Heritability can be estimated approximately as twice the difference of intraclass correlation coefficients between MZ and DZ twin pairs. 22 The greater the difference between correlations for MZ and DZ twins, the higher the inferred heritability. More accurate heritability modeling using maximum likelihood variance component model fitting was performed to estimate the phenotypic variance attributable to A, C, D, E, and age, using the application Mx, a structural equation-modeling program. 23 We modeled the covariance between MZ and DZ twin pairs to calculate heritability. This model partitions the observed phenotype variance into additive (VA) or dominant (VD) genetic factors (heritability) and common (VC) or unique (VE) environmental factors. The significance of variance components A, C, and D was assessed by dropping each component sequentially from the full model and comparing the submodel fit to the full model. Submodels were compared to full models by hierarchical χ2 tests. The difference between log-likelihood values between submodel and full model is asymptotically distributed as χ2, with degrees of freedom (df) equal to the difference in df of submodel and full model. A statistical indicator of goodness-of-fit is the Akaike information criterion (AIC), computed as χ2 − 2 df; submodels are accepted as the best-fitting model if there is no significant loss of fit when a latent variable (A, C, D, or E) is fixed to equal zero. Data handling, preliminary analyses, and all statistical tests were conducted by use of commercial software (STATA/SE10; Stat Corp., College Station, TX). 24 Refractive error was analyzed as a continuous trait using the original diopter scale, but because the trait was leptokurtic (Fig. 1) , confirmatory analyses were also performed using normalized rank-transformed data (ranked by SphE and age) to confirm whether model results changed. For the purpose of calculating myopia prevalence, we defined myopia as SphE ≤ −1 D, emmetropia as −1 D < SphE < 1 D and hyperopia as SphE ≥ +1 D. 10 25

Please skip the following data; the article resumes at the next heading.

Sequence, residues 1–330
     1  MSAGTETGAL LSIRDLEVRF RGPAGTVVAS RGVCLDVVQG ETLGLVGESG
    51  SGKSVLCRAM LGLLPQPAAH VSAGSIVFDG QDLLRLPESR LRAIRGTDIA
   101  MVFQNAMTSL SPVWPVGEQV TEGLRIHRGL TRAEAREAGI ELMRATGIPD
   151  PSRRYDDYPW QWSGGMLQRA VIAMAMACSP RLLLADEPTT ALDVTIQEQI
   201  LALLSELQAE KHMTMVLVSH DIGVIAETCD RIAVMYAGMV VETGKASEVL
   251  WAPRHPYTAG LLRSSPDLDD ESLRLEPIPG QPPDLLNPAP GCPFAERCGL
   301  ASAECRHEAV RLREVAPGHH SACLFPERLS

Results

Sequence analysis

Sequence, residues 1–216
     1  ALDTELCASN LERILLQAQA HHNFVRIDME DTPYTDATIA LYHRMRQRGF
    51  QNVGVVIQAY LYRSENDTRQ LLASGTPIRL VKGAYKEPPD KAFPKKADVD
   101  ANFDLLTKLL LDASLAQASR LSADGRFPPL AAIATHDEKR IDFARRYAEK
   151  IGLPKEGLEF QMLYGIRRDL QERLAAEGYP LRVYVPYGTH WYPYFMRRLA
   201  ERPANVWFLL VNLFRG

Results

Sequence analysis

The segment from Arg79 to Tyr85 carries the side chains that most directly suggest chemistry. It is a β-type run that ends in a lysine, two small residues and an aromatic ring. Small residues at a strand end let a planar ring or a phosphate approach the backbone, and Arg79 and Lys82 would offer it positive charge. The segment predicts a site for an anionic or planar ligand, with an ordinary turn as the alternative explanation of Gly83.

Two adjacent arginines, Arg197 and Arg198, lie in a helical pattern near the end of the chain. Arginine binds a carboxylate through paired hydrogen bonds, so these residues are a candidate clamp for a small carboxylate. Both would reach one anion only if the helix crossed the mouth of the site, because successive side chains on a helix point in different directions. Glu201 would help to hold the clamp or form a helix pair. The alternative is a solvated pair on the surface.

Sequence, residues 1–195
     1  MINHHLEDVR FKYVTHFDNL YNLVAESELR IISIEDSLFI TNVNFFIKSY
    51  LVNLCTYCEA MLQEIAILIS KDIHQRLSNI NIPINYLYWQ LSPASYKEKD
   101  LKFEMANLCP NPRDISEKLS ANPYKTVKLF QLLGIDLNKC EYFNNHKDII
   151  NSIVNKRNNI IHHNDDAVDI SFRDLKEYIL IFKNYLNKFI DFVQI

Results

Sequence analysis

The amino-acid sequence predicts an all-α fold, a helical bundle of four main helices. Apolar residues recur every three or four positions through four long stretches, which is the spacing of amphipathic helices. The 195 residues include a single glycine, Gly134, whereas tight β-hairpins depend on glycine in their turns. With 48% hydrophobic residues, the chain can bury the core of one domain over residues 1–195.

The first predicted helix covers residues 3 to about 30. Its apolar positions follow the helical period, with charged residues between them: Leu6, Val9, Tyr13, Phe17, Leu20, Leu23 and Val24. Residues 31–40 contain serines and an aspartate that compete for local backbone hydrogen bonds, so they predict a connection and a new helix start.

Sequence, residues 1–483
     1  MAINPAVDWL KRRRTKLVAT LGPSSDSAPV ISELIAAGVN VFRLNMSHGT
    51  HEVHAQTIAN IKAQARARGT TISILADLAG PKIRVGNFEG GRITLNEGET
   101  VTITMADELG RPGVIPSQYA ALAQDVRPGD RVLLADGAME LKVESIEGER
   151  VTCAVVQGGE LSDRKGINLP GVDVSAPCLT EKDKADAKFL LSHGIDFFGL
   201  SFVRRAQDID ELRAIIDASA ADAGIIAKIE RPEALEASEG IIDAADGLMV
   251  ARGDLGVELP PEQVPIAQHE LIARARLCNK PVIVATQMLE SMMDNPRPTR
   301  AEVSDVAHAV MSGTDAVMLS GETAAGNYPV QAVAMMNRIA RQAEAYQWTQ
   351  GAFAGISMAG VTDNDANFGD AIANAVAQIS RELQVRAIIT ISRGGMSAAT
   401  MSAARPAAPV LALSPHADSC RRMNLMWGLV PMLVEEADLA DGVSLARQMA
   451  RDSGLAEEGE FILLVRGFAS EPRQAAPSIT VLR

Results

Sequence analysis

Results
Twin pairs (2041 female, 260 male) were included in analysis after exclusion; 1152 were MZ pairs, and 1149 were DZ twin pairs. The mean age of the MZ pairs was 52.6 (SD, 14; range, 16–82) years, and the mean age of the DZ pairs was 54.9 (SD, 11.9; range, 17–80) years. The mean SphE for the twin subjects was −0.35 D and ranged between −18.1 D and 11 D; 28% were myopic, 46% were emmetropic, and 26% were hyperopic. Measurements (mean [SD]) were similar for MZ and DZ twins (MZ: −0.49 [2.76]; range, −17.5 to +10.44 D; DZ: −0.233 [2.67]; range, −18.12 to +7.44). The frequency distribution of spherical equivalent was leptokurtotic (kurtosis = 7.33) rather than normal, with a left skew (skewedness, −1.19; Fig. 1 ).